DB.drop_table :stars

DB.create_table :stars do
    primary_key :id
    Integer :StarID
    Integer :HIP
    Integer :HD
    Integer :HR
    Integer :Gliese
    Integer :BayerFlamsteed
    String  :ProperName
    Float   :RA
    Float   :Dec
    Float   :Distance
    Float   :PMRA
    Float   :PMDec
    Float   :RV
    Float   :Mag
    Float   :AbsMag
    String  :Spectrum
    Float   :ColorIndex
    Float   :X
    Float   :Y
    Float   :Z
    Float   :VX
    Float   :VY
    Float   :VZ

CSV.open(filename, headers: true, converters: :numeric).each do |row|
    print "."

This script will set up the database and fill it with values from the CSV file. Each row is converted to a Hash, which makes the database insert method happy. There is also a little check and cleanup near the beginning. This is just in case there is a typo that messes up your code later on. It doesn’t hurt to be cautious.

$ ruby stellar.rb

Go take a break. Make some coffee, catch up with your family, or play one more turn of Civilization. This is going to take a while. Me, I went for some more coffee.

Searching the Database

We will look at the Sequel querying API in a moment, but first let us make sure that the database returns plausible results to direct queries.

$ sqlite3 hyg.db
sqlite> select count(*) from stars where distance < 10;
sqlite> select * from stars where propername = 'Sol';
sqlite> .quit

Hopefully you noticed a big improvement in the speed of your searches by switching to a database. I sure did.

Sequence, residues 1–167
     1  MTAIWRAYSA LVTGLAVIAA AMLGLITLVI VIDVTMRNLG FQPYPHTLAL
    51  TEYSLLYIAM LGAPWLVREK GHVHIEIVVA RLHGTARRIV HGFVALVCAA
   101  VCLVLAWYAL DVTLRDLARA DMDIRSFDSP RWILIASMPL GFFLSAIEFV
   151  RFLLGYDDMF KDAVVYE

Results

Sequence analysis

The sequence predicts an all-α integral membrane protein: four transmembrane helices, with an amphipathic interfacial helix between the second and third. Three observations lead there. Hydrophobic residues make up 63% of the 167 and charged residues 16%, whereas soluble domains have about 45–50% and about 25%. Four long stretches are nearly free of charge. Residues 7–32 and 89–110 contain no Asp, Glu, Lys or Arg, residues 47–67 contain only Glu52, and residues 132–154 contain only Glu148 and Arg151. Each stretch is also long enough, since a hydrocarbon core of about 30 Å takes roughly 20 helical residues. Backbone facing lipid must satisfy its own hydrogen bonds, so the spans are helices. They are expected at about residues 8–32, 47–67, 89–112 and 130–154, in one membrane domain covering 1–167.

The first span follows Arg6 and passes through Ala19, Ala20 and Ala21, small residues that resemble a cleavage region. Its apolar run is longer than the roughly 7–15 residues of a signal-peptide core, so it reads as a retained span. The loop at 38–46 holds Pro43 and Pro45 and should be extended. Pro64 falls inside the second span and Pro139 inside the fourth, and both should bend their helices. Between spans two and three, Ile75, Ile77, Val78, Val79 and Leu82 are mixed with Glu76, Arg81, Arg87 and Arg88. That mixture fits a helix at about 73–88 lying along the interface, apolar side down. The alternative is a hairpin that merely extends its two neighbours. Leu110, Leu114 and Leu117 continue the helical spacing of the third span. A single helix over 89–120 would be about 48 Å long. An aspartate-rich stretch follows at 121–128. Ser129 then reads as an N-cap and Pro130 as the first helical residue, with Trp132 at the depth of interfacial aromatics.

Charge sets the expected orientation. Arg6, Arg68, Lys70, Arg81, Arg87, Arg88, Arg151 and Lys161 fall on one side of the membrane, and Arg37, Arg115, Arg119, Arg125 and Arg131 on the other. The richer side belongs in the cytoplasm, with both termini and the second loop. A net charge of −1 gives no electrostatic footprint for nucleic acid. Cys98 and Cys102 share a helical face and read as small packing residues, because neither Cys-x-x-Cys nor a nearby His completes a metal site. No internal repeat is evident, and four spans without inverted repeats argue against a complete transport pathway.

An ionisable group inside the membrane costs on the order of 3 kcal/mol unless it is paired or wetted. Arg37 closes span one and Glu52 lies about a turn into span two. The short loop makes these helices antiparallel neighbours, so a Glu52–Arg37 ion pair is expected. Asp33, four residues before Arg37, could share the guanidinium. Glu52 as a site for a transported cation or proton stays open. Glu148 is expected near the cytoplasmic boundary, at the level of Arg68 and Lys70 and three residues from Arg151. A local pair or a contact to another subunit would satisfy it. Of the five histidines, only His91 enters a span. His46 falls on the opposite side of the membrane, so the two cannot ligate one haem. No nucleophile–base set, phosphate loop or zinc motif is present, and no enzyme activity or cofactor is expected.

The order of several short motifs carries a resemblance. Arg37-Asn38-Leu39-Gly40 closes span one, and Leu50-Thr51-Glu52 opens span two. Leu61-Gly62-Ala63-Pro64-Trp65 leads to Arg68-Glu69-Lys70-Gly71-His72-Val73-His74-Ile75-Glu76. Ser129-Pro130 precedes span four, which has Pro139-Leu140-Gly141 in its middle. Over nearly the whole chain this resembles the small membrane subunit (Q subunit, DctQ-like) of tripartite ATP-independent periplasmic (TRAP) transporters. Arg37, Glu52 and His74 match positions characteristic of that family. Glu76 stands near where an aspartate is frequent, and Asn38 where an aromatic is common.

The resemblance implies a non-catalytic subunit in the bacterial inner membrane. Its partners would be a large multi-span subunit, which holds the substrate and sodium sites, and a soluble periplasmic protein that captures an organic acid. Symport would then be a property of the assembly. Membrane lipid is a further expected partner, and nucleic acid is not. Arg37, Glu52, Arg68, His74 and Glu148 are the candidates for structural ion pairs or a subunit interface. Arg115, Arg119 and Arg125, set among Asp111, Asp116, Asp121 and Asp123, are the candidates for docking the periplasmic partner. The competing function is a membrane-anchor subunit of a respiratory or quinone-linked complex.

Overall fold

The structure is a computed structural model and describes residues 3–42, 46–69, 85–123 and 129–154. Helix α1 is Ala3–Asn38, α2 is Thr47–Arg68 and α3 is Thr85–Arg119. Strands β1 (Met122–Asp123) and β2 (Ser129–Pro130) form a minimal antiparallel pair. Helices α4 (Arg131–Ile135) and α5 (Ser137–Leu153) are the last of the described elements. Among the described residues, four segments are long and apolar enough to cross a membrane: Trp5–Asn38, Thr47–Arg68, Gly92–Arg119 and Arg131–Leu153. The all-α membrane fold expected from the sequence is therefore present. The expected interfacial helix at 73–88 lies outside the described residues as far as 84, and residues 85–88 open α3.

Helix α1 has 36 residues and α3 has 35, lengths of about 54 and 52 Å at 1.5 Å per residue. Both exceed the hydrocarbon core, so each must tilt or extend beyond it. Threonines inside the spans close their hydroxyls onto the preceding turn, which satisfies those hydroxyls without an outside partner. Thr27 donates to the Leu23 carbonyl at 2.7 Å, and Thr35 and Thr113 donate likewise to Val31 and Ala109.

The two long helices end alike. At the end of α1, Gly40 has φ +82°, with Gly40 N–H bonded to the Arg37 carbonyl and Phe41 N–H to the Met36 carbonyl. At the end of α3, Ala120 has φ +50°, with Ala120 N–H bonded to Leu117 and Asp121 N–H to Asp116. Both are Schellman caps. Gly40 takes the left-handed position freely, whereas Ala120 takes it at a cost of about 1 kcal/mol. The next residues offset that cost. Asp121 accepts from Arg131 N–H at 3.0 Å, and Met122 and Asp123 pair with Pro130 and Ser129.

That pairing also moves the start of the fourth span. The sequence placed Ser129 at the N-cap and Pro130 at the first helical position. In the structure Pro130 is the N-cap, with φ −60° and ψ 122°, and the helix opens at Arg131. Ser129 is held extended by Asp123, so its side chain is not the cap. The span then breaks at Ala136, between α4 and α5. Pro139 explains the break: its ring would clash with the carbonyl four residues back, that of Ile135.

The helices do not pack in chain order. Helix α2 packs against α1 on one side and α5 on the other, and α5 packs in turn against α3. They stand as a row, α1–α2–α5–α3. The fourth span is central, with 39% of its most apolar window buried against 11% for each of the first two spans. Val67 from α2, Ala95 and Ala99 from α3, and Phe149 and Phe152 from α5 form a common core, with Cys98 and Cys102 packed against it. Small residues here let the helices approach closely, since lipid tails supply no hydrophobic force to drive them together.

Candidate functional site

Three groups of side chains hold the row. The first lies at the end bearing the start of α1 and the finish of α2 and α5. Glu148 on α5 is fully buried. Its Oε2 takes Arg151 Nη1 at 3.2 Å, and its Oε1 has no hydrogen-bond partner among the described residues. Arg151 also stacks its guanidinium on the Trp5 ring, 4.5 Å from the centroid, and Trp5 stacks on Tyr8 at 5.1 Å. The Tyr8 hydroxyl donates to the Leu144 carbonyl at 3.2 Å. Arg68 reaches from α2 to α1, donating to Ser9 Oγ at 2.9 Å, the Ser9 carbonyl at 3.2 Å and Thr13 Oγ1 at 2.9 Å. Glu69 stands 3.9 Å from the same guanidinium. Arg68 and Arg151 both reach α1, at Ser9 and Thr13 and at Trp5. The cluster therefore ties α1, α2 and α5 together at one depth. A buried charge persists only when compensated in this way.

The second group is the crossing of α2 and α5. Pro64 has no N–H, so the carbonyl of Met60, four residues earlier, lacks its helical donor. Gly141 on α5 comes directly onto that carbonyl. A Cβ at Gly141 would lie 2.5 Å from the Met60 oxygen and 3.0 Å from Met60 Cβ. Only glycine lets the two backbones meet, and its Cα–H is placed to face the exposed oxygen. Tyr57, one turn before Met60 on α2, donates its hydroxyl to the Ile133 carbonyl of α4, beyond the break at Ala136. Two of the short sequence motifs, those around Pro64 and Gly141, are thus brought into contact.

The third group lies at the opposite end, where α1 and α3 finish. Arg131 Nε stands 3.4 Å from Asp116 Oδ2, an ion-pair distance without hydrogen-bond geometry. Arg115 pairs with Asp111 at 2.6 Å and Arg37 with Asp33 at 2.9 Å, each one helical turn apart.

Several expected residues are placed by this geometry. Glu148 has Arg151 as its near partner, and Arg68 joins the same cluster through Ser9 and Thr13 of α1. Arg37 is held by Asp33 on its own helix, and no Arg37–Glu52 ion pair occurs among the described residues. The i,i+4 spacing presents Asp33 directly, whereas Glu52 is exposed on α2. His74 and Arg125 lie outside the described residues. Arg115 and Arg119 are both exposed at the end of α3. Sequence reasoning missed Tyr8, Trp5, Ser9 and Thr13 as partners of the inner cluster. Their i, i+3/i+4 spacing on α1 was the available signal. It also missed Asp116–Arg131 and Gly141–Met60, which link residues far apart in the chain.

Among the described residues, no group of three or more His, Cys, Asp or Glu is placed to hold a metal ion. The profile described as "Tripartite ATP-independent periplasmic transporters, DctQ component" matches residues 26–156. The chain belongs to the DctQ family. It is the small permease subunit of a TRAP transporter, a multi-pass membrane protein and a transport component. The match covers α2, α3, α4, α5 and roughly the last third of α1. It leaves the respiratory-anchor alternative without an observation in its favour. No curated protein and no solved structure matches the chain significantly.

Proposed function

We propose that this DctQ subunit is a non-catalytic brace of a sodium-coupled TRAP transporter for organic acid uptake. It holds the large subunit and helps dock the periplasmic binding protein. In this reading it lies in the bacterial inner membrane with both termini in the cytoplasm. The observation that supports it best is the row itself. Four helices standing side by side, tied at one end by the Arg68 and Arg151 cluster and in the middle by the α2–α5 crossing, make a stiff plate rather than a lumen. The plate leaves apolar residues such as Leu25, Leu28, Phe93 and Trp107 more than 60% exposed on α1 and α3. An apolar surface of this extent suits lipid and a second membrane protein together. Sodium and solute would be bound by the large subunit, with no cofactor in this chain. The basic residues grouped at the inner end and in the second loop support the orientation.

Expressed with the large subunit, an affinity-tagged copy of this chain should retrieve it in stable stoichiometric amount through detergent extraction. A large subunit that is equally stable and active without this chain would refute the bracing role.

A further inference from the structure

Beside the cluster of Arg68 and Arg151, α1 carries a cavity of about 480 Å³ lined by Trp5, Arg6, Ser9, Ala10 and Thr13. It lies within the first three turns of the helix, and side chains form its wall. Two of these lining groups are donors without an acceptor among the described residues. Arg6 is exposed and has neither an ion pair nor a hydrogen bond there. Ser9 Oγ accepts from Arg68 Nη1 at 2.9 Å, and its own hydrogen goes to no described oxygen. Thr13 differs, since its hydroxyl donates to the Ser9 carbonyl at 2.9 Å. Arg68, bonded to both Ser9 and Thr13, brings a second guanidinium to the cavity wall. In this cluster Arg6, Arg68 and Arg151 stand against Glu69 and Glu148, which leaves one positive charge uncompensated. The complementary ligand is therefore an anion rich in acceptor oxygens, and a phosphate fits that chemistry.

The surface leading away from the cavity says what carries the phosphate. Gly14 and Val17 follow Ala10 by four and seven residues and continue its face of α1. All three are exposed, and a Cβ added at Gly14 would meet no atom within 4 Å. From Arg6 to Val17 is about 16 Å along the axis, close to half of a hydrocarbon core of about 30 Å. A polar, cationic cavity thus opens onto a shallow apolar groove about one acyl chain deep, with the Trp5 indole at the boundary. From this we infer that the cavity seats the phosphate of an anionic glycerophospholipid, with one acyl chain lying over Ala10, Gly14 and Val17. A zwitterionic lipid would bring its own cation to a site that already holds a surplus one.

What if we tried the same queries with Ruby and Sequel? Let’s open an irb prompt and test it out.

$ irb
ruby-1.9.2-p0 > require 'sequel'
 => true
ruby-1.9.2-p0 > DB = Sequel.sqlite('hyg.db')
 => #<Sequel::SQLite::Database: "sqlite:/hyg.db">
ruby-1.9.2-p0 > DB[:stars].first(ProperName: 'Sol')
 => {:id=>1, :StarID=>0, :HIP=>nil, :HD=>nil, :HR=>nil, :Gliese=>nil, :BayerFlamsteed=>nil,
:ProperName=>"Sol", :RA=>0.0, :Dec=>0.0, :Distance=>4.848e-06, :PMRA=>0.0, :PMDec=>0.0, :RV=>0.0,
:Mag=>-26.73, :AbsMag=>4.85, :Spectrum=>"G2V", :ColorIndex=>0.656, :X=>0.0, :Y=>0.0, :Z=>0.0, :VX=>0.0,
:VY=>0.0, :VZ=>0.0}
ruby-1.9.2-p0 > DB[:stars].filter { distance < 10 }.count
 => 320

Yes indeed. That was much faster. Let’s close with something a little bit fancier: showing a table of information about all the stars in the catalog that are G Spectrum and have a proper name, ordered by their distance from Earth.

ruby-1.9.2-p0 > DB[:stars].filter(:Spectrum.like('G%')).filter('ProperName not null').order(:Distance).each { |row|
ruby-1.9.2-p0 >     printf("%20s\t%4.2f\t%s\n", row[:ProperName], row[:Distance], row[:Spectrum])
ruby-1.9.2-p0 ?>  }
              Sol    0.00    G2V
Rigel Kentaurus A    1.35    G2V
        82 G. Eri    6.06    G8V
 Groombridge 1830    9.16    G8Vp
     Vindemiatrix    31.35   G8IIIvar
            Nihal    48.80   G5II
=> #<Sequel::SQLite::Dataset: "SELECT * FROM `stars` WHERE ((Spectrum like 'G%') AND (ProperName not null))">

I encourage you to explore the Sequel querying API more on your own, but I need to wrap this up.


All right. You’ve got 119,617 stars with various characteristics, all sitting there waiting for you to think of something interesting to do with them. I just wanted to see how much easier it would be to parse a CSV in a high level language. Turns out, it’s pretty easy. Explore the Ruby standard library and the many Rubygems that are available out in the big world. You’ll probably have fun, and you’ll almost definitely learn something.